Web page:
A Rant, A Rave, and a Flognarde

I can’t quite figure out why it takes 3 or 4 months to get Australian food magazines into the shops here in the States. One month, sure. I’d understand. I suppose normally, it doesn’t matter. There’s a new one each publishing period, and the seasons are out of sync anyway, so it doesn’t exactly matter if it was published months ago or is right up to date. Except when I want to wish the fine folks at one of my favorite food magazines, Gourmet Traveller, a Happy Anniversary after reading their 40th Birthday issue, and now it just sounds silly because it’s now November and the issue came out in August. But, despite the delay, this was an issue that I can’t help but to comment on.

To begin with, the issue contains one of the funniest articles I’ve ever read in a magazine, much less a food magazine. So funny that I forced my husband to sit through me reading it aloud to him, something I could barely do because I kept nearly crying from laughing too much. It’s almost as funny as a Bill Bryson story. I mean who would ever expect to read this in a foodie mag:

“I walk across a beach, and in 30 seconds, I knew it was the worst beach in Minorca. The sea was fine, the sand was okay, the view was lovely, it was clean and sheltered. I got off it as soon as I could. People occasionally ask, where are the best beaches in the world? And I always reply it depends on who you are with. But I can tell you how to tell the worst beaches in the world: they’re the ones with the bare-naked people on them.” (Gourmet Traveller, Aug 06, Song Sung Blue, p 55)

Oh, it goes on and it gets better. “I’m also often asked for insiders’ tips on being able to tell a good restaurant from the other sort. My advice is to enter, ask for a menu, order some food, and when it arrives, eat it. Generally, the inquirers are not satisfied with this.” He continues, “What they want is a tip, a secret inside sign. Okay. Well, don’t eat in a restaurant that has ankle-deep pools of vomit outside.”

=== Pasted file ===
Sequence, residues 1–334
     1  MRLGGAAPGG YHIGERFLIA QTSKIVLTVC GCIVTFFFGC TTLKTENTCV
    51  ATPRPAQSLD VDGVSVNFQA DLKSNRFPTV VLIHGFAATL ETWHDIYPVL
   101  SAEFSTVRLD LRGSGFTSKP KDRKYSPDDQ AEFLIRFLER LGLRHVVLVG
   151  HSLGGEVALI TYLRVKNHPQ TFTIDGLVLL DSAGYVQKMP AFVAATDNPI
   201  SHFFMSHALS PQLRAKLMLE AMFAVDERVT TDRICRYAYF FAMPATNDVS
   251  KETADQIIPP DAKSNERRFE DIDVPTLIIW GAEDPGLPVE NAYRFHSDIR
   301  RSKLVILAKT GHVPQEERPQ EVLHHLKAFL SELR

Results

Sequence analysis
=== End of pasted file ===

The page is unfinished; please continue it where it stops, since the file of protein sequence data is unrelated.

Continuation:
All this leads up to, well, something entirely different that I don’t want to spoil for you. Suffice it to say, author AA Gill had a few more rants on his mind and I just love a sardonic wit.

But, there’s certainly more to this issue than the Song Sung Blue article. I dog-eared page after page of beautifully shot recipes to try in this issue (as I seem to do with all of them… my must try recipe list is now approaching the 3 digit mark), including one for an Apple and Pear Flognarde. Honestly, I’m not even sure how to pronounce Flognarde, but it looked so delicious and I had a whole bowl of apples and pears to use.

Flognarde is a Flemish take on clafoutis, and eggy custardy baked pancaky sort of dessert. It’s basically a bread pudding without the bread, so the fruit takes on a much bigger role. It’s so easy to make, the hardest part is probably peeling all the apples. The Gourmet Traveller recipe calls for double cream as a topping, but I think this would be even more delightful with a big scoop of vanilla and some plum sauce.

I followed the recipe quite to a T this time… well almost to a T… I left out the oil called for in the original, and dotted the top of the fruit with little cubes of butter instead. The recipe below reflects this change.

Also, in many of the recipes on this site, like this one, I call for casters sugar. If you don’t have caster’s sugar or superfine sugar, you can fairly easily make your own. Just throw some regular granulated sugar into a food processor and let it spin for about 5 minutes. I learned this trick from More from ACE Bakery, which I recently received a copy of to review, and it’s already come in handy a couple of times when I ran out of casters. More from this cookbook next week.

Apple and Pear Flognarde
(recipe from Gourmet Traveller, Aug 06, p 93)

3 cooking apples
3 ripe pears (bosc or other firm fruited pear)
1 T unsalted butter, cubed
1/2 cup casters sugar
1 tsp vanilla paste
3 eggs
1 cup flour
1 cup milk
powdered sugar for garnish

Preheat the oven to 425F. Lightly grease a shallow ceramic dish.

Peel and core the apples and pears, and slice into wedges. Place them in the baking dish and dot with the butter cubes.

In a large bowl, whisk together the eggs, sugar, vanilla and flour. When just combined, add the milk and stir in till smooth. Pour the batter over the fruit.

Bake for 45 minutes or until golden brown. The edges will tend to brown a bit more than the middle, so you might want to cover them with some foil for the last 10 minutes of baking. Allow to cool for about 5 minutes and dust with powdered sugar if desired. Best served immediately while still warm.

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  • http://www.dessertfirst.typepad.com Anita

    What a beautiful use of fruit! Your photos are always amazing! And I agree with you about the frustration of getting foreign magazines in the U.S. – I’m always haunting the local Japanese bookstore to see when they’re getting the latest cookbooks!